For me it isn’t really an elopement (they marry later, after the journey, at home); they just made clear that they wanted some time only for them far away from both the families giving also time to the elders to mend their differences. It’s a rather mature move to not hurry anything but give everybody time to settle in the old/new arrangement. The film is giving arranged marriages a serious chance…maybe the wise people asked to look for a match aren’t all fake 😉

    I could write an essay about the correlations between Imtiaz first movie and JHMS (a kind of ‘closure’ of a circle)…I’m really curious what shape his movie with Karthik, Sara and Randeep will have…

    I haven’t watched (yet) neither Laila-Majnu (einthusan onla has it without subs) nor Junoon…

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    • Ha! Just got aware that I already had watched Junoon…but honestly I don’t see reasons how this movie could have influenced Imtiaz own scripts…

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      • I think it is in that strange unspoken connection between two unlikely characters. Highway in particular is very similar in the central couple.

        On Mon, Jun 17, 2019 at 11:07 AM dontcallitbollywood wrote:

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        • Good point (especially for Highway…really very unlikely).

          Btw, it was partly for the woman protagonist that I did not finish Rockstar (very rare for me not to finish a movie).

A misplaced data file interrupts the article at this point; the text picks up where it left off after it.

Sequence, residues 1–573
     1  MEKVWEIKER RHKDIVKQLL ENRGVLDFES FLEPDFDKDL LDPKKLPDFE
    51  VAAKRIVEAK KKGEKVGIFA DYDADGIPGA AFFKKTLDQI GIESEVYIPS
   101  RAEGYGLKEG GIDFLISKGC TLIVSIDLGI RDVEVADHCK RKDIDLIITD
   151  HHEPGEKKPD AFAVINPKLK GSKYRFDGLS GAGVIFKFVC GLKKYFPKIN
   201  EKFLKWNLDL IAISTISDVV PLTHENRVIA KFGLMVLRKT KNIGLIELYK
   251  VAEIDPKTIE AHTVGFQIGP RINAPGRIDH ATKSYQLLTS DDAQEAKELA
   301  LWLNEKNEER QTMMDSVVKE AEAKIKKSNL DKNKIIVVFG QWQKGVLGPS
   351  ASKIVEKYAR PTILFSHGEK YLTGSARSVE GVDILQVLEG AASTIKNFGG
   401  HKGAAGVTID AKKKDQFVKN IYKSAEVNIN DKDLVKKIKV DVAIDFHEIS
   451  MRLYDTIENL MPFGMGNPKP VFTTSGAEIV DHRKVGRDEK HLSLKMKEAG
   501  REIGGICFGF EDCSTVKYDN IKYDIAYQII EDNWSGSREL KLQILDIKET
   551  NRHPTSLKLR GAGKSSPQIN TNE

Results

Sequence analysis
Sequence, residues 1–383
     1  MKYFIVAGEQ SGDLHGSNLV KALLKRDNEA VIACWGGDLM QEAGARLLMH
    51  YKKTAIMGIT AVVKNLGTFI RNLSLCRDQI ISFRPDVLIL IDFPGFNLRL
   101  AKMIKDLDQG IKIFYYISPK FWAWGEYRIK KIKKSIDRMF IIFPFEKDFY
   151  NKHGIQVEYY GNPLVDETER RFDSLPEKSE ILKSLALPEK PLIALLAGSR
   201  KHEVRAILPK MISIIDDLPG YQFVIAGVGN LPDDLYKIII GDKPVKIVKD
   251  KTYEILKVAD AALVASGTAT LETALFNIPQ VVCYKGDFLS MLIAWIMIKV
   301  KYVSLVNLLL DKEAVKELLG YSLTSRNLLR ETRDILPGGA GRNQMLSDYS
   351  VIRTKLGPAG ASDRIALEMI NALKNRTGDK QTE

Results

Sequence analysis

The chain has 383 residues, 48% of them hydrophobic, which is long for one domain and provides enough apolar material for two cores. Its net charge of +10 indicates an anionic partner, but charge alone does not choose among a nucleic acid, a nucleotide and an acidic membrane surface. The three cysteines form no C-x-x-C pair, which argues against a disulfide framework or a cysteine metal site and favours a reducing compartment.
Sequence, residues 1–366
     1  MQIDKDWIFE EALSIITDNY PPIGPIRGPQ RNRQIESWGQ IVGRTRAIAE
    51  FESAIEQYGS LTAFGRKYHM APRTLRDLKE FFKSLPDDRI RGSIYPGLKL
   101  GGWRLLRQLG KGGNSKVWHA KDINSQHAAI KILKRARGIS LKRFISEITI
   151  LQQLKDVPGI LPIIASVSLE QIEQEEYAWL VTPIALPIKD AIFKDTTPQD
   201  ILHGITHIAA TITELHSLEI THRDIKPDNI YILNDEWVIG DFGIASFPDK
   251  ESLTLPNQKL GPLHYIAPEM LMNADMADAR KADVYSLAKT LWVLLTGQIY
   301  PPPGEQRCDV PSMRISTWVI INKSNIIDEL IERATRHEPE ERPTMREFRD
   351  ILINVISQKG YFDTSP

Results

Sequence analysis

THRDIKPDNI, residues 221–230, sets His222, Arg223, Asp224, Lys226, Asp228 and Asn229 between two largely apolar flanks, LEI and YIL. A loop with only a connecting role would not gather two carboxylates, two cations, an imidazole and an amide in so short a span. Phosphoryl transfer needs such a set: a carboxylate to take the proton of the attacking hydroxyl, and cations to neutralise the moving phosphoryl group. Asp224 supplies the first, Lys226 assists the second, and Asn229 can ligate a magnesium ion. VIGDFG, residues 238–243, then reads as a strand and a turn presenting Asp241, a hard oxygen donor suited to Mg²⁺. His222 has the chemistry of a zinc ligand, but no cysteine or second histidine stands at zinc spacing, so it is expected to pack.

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          • Yeah, I never even tried Rockstar because the plot turned me off so much. I’ll watch it eventually, and maybe end up loving it. I did watch Tamasha, and that heroine character was terribly underwritten.

            On Mon, Jun 17, 2019 at 2:17 PM dontcallitbollywood wrote:

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          • Yep…I wondered if Imtiaz still was “blinded” by Ranbir… from all his romantic movies Tamasha was the less balanced, imo, respective to male-female interests. But it had great scenes.

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          • It’s interesting, he made movies with Saif and Shahrukh as leads, opposite Dips and Anushka, much more unbalanced than Ranbir and Deepika in terms of star power. And his very first movie was supposed to be a launch film for Abhay. And yet those films don’t feel as star focused and slanted towards one character as Tamasha.

            On Mon, Jun 17, 2019 at 2:38 PM dontcallitbollywood wrote:

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    • I just rewatched the first meeting scene to see if it was as cute as I remembered, and it was! And they both have lines like “I’ve never told anyone that before, I feel like I could tell you anything”. And yet, they don’t see that as meaning they are in love, because love is supposed to be romantic and difficult, not just “fitting” together on a first meeting.

      I was also thinking about JHMS and your three theory. It’s the same in this movie, they have three meetings in her bedroom, each important. The first meeting, the second meeting when he climbs to her balcony and they confess their love, and the third meeting when he attempts the failed elopement. Marriage-love-marriage. There are also three marriage meetings, that first meeting, then the failed elopement, and then the real elopement.